JAMAICA – Enough is enough!
Charlemont High School leads march against crime and violence
KINGSTON – WITH chants of “Enough is enough” and “We want justice”, students and staff of Charlemont High in St Catherine yesterday morning led a march to denounce the upsurge in crime and violence in society.
The march, which was well supported by the community, was held in memory of the school’s beloved mathematics teacher, Tanijah Howell, who was brutally murdered in February in the neighbouring parish of St Ann.
The Charlemont-led peace march was supported by several other schools in that section of St Catherine, including McGrath High, Bog Walk High, and Dinthill Technical High, as well as the Optimist Club, Linstead Community Development Committee, the Jamaica Constabulary Force, past students of Charlemont, parents, and several residents of Linstead.
“Today’s march is not only in memory of Mr Howell; today’s march also signifies that as a school community we are tired, fed up, and we are asking all members in the community to come on board with us. Enough is enough and we are saying no to violence towards all members of our community,” Charlemont Principal Garth Gayle told the Jamaica Observer yesterday.
When asked what the school hoped to achieve from the march, he said: “It’s simply bringing realisation of where we are a country, and that we as a school are standing up to say we want the violence to stop; because when [no action is taken] it will eventually feed back into the school and we don’t want that.”
Participants in the march, led by Principal Gayle, journeyed from the school, just outside Linstead, to the Linstead Transportation Centre in the town square shortly after Eight in the morning, bearing placards which called for an end to crime and violence.
Former Youth Minister Lisa Hanna, in an address to the gathering, urged the students to examine themselves and to correct their behaviours and attitudes if they wanted to make an impact in the fight against crime.
“It’s not a very hard thing to solve, just check yuhself, check the music you listen, check how you relate to one another, check the way you dress,” she said.
“One of the problems we are facing is in your generation and what passes as disagreement is a culture of aggression, so it’s difficult for you to accept different opinions because you want to be right sometimes. And because you don’t have the ability sometimes to express an alternative view many of you get violent,” she said, in an apparent reference to the opposition she faced when she suggested earlier this year that music by imprisoned entertainer “Vybz Kartel” be banned from airplay.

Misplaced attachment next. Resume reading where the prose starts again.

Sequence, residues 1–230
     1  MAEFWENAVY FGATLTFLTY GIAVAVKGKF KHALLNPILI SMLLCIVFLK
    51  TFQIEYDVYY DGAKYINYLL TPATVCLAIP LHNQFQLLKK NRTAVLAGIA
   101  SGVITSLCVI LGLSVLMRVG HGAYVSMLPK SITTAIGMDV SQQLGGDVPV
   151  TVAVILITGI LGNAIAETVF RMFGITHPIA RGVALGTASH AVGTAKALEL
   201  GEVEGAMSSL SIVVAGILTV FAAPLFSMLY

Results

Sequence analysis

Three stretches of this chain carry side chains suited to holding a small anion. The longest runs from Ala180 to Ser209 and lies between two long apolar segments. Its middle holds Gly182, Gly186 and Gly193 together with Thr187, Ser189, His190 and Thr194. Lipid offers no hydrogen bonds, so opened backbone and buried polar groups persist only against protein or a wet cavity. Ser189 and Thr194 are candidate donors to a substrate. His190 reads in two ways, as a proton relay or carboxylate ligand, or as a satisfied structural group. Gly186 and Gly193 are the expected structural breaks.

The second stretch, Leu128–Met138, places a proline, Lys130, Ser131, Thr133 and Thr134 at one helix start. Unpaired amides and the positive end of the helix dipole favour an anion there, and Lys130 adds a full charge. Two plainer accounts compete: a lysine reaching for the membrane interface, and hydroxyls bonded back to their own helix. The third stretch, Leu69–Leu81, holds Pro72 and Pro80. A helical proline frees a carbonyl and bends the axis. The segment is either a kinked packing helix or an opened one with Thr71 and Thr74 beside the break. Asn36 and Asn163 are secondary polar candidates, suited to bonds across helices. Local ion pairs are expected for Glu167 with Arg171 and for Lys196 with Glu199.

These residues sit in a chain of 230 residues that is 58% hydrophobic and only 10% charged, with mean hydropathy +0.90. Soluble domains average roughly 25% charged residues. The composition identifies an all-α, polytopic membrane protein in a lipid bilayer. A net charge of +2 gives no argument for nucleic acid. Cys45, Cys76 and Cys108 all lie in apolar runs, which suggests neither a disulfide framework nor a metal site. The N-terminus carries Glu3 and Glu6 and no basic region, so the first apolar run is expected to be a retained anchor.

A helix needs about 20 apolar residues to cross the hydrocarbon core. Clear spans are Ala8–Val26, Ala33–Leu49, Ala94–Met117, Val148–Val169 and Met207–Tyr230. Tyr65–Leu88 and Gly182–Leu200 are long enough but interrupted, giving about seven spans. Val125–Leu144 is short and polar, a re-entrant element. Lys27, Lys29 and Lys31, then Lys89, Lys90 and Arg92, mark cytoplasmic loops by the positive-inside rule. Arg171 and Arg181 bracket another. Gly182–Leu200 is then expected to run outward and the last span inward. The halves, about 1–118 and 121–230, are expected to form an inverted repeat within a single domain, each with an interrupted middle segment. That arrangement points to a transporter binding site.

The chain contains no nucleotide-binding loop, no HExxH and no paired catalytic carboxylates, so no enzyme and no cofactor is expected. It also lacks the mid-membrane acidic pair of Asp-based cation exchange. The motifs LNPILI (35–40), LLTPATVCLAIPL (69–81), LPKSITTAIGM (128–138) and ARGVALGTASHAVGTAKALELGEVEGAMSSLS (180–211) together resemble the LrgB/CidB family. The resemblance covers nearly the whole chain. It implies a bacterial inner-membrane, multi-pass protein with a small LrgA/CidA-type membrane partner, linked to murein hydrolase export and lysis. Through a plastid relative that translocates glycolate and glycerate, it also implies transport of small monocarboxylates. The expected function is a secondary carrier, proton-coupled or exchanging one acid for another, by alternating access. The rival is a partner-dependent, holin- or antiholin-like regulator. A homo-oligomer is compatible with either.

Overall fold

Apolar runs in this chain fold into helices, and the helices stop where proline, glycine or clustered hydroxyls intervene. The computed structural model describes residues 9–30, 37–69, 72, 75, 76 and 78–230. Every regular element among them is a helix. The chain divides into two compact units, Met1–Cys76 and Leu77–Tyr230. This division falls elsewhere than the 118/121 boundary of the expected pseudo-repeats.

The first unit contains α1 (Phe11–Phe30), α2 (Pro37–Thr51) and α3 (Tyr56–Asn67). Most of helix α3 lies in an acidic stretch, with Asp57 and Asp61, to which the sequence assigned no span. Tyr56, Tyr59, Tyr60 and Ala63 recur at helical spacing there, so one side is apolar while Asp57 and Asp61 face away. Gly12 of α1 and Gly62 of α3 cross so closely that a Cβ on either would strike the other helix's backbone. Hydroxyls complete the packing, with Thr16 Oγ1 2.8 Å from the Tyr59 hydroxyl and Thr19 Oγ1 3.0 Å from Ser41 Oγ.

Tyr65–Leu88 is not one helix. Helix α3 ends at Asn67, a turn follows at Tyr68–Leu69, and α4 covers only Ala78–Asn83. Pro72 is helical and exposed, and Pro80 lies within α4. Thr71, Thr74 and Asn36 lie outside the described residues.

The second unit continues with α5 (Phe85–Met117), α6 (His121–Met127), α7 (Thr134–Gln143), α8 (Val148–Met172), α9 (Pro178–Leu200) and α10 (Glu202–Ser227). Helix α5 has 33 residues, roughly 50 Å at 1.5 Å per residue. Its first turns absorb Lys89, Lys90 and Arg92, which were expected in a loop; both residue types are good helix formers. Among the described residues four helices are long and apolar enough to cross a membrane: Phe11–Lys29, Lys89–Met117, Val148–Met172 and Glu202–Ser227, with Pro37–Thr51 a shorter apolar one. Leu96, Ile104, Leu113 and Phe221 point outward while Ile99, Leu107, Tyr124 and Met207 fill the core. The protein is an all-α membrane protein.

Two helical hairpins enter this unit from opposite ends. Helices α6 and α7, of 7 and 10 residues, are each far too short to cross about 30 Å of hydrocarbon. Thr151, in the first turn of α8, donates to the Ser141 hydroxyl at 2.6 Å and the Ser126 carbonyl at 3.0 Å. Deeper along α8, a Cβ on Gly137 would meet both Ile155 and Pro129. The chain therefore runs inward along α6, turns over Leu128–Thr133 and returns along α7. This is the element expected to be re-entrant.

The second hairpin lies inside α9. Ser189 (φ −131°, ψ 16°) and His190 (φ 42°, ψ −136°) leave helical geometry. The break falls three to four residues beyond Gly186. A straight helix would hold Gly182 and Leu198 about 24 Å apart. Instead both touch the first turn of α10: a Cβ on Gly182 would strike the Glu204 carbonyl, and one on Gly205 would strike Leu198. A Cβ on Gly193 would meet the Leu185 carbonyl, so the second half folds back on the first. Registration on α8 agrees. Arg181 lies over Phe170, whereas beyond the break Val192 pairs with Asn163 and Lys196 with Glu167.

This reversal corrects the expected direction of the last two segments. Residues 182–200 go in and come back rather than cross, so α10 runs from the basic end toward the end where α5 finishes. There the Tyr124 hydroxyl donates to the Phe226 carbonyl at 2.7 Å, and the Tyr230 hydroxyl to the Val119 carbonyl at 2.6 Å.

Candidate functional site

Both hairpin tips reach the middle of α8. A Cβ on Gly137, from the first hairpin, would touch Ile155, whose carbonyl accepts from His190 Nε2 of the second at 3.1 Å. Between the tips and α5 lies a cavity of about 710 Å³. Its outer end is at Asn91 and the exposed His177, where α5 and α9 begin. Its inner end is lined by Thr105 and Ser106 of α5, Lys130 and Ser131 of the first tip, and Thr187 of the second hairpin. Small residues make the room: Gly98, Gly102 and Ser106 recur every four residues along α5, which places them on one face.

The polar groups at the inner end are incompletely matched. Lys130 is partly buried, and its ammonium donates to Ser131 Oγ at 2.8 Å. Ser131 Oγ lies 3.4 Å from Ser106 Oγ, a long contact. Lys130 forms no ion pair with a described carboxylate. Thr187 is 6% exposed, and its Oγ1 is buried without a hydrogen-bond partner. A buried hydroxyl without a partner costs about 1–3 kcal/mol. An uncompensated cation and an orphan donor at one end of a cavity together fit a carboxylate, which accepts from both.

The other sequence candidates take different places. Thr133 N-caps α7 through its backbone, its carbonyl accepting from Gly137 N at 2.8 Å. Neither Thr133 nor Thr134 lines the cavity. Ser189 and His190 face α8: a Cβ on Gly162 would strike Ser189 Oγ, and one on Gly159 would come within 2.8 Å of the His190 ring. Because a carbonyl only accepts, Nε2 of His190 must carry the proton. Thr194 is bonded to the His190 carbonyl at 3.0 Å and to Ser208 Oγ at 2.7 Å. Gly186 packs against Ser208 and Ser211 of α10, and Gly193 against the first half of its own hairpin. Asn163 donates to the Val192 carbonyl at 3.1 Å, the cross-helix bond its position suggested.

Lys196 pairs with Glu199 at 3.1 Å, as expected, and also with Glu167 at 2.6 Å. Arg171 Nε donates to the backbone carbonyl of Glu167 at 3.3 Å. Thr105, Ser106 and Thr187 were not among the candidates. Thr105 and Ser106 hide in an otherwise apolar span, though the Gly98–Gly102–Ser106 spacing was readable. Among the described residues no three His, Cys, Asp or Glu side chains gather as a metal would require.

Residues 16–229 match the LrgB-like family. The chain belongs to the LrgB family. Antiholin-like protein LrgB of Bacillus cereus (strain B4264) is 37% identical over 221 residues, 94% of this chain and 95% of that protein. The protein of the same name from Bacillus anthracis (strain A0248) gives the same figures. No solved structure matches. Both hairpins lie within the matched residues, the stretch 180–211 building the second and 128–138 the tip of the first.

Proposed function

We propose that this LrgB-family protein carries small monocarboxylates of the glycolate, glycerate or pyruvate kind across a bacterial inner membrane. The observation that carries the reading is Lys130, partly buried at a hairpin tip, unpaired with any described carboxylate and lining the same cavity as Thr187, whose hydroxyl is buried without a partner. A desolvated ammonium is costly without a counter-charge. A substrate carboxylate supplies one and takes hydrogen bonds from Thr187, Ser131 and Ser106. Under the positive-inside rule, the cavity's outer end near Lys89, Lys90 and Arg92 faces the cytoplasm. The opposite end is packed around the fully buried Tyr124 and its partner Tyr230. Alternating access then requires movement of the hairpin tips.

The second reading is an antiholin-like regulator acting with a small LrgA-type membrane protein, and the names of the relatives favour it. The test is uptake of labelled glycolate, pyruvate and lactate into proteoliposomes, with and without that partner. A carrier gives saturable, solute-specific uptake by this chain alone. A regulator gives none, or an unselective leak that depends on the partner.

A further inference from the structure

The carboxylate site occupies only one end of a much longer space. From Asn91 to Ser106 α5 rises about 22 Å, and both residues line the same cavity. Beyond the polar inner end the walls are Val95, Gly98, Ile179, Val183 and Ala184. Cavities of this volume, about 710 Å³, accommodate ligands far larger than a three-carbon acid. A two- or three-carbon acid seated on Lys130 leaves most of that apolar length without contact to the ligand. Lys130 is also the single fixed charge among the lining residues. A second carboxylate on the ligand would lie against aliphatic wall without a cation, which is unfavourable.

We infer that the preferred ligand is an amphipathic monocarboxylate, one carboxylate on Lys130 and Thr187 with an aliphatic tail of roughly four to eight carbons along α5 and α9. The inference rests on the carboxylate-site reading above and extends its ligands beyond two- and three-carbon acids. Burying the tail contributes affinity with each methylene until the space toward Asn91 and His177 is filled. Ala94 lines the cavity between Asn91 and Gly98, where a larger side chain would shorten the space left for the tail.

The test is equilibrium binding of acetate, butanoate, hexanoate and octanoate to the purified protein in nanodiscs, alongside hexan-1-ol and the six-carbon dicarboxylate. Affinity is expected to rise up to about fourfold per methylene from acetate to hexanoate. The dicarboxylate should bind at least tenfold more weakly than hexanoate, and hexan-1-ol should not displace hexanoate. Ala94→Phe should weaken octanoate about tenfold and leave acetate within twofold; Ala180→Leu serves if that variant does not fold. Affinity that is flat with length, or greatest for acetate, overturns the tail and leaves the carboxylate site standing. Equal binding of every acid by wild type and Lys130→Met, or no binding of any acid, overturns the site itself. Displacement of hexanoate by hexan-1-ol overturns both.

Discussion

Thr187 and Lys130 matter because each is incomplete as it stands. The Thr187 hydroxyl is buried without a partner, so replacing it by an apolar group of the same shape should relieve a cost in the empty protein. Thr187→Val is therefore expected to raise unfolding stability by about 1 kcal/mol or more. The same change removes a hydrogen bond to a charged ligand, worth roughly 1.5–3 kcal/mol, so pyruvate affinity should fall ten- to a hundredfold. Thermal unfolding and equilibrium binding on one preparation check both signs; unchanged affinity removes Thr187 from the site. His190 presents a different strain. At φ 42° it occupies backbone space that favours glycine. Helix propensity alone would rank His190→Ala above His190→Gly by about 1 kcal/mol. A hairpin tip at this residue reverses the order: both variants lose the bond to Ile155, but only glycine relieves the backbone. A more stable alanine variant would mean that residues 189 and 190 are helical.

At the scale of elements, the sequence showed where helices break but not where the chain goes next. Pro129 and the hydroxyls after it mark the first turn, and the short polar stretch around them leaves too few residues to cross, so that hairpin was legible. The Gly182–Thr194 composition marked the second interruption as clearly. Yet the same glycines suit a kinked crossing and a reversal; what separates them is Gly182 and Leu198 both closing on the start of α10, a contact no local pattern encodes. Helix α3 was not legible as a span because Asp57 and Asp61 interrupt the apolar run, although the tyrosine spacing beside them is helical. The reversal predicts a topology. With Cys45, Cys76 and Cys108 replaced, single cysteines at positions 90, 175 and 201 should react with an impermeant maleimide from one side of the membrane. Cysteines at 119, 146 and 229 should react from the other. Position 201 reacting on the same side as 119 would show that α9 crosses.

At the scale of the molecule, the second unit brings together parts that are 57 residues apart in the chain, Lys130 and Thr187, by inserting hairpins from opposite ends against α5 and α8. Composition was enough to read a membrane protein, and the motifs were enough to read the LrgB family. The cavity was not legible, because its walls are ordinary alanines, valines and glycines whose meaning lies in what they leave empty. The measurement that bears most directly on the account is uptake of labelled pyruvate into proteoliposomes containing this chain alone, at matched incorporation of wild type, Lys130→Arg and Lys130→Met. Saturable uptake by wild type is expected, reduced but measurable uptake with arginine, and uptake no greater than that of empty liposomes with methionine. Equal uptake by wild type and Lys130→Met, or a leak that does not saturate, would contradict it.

Hanna, touching on the chopping death of a 14-year-old boy, allegedly by an 11-year-old boy, said: “It is very devastating to me that an 11-year-old could kill his best friend.”
She encouraged the students as well as adults in the audience to exercise patience when dealing with others and to learn to walk away from violence.
“It is the difference between mashing up yuh whole life or mashing up someone else’s life,” Hanna said.
“You have to see beyond the temper, you have to see beyond the attitude, and at the end of the day, as well, if we are going to solve this culture of aggression and violence it simply means that you can’t red-eye after somebody, and you can’t have nuh bad mind because bad mind and red-eye are going to kill this country,” she said.
Hanna, meanwhile, congratulated the school for the initiative and praised the participants, while urging them not just to walk and forget about the march.
“Don’t lose the message, if you want to correct this country you have to correct your attitude first.
“So everybody here, when you leave here, check yourself; what are you doing to contribute to the culture of aggression? Ask yourself how have I added to it and how can I take away from it, and let us not lose anymore lives,” she said.
Custos of St Catherine Jeffrey McKenzie urged those gathered to bond and not to be afraid of “donmanship”, but to partner with the security forces and report all acts of violence.
Parents who participated in the march said it was a worthwhile venture.
“The march signifies that we are not pleased with the death of Mr Howell and how he died, and we want to take action,” Patricia Lowe said.
Another, Daphne Stanley said: “The march proves that we can make a difference, and that even though we are afraid of getting involved, crime is everybody’s business, and I am glad that Charlemont did this so we can go out there and let them know we are serious about fighting crime.”
Students from Howell’s class were also pleased with the march and indicated that it will help them to better deal with his passing because it showed how much he was loved and respected.
“We feel like the message of ‘no more crime and violence’ was heard today,” Lowrie Reid, a student, said.